Few people are aware that the orientation of the telecoils in their hearing aids is important. Normally, a person just buys telecoil-equipped hearing aids and never gives a thought as to how the telecoils themselves are physically oriented in their hearing aids.
Orientation is important because maximum coupling (meaning the loudest signal) occurs between two coils (for example, between a telecoil and a room loop) when both coils are oriented in the same plane as each other. Thus telecoils must be oriented in the same plane as the transmitting loop for maximum signal strength.
A room loop is a flat coil of wire laying horizontally. (Think of a doughnut laying flat.) Thus, for maximum signal, the coils in your telecoil should also be horizontal.
Since a telecoil is wound on a thin tube (think of a stack of doughnuts piled 6 or 8 high), the telecoil must be mounted with the tube vertical (so the coils of wire themselves lay horizontally). Thus, when a telecoil is physically vertical, its coils are in the horizontal plane exactly the same as a room loop.
Passive Tibbetts telecoils
Photo courtesy www.tibbettsindustries.com
If the telecoil is mounted horizontally, the coils of wire are oriented vertically (think of a stack of doughnuts tipped over so each doughnut is standing on its end) and will best pick up a signal device mounted vertically (i.e. the coil in a phone handset).
Therefore, a horizontally-mounted telecoil works best when using the phone while a vertically-mounted telecoil works best when using a room loop or neckloop.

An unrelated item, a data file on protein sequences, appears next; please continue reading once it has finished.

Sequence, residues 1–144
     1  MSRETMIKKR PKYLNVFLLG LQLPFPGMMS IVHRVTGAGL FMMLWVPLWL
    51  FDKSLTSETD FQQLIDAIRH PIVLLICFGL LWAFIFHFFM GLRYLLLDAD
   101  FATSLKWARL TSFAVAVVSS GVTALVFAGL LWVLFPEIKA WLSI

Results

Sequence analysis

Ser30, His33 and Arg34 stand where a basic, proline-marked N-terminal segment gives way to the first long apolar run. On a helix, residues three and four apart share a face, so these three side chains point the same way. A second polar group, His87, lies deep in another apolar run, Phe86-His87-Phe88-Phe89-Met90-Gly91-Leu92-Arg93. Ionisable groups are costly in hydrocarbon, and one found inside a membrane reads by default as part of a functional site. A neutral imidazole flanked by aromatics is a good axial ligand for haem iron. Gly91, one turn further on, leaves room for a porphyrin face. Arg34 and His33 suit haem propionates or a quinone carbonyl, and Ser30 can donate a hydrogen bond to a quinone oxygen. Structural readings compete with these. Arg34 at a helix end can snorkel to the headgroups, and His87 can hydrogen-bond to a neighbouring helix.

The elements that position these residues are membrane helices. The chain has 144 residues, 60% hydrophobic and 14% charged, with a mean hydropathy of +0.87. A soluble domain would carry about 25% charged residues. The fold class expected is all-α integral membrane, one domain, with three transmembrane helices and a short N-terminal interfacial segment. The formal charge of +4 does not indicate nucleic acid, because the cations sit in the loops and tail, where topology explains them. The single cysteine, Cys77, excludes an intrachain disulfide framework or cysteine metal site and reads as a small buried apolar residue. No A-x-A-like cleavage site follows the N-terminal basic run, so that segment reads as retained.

Often hearing aid manufacturers compromise and set the telecoils at an angle so they will work both with the phone and with room loops—but this is done at the expense of optimum volume in either plane. That is why when you tip your head, the signal may fade out or get louder. If your telecoils are mounted diagonally, tipping your head 45 degrees one way will give a stronger signal from a room loop and tipping your head 45 degrees the other way will give a stronger phone signal.
Strength of Telecoils
Often the signal picked up by the telecoil is not as strong (loud) as a signal picked up by the hearing aid’s microphone. Therefore, when switching over to your telecoils, you may also have to turn the volume on your hearing aids way up.
If this is the case, you really need amplified telecoils (rather than the passive style shown above) so the output of the telecoil closely matches the output from the microphone. Tibbetts Industries make a great little amplified telecoil.
Digital hearing aids typically have telecoils that can be programmed to any given volume. Therefore, make sure you ask your audiologist to program the volume of your telecoils to your satisfaction.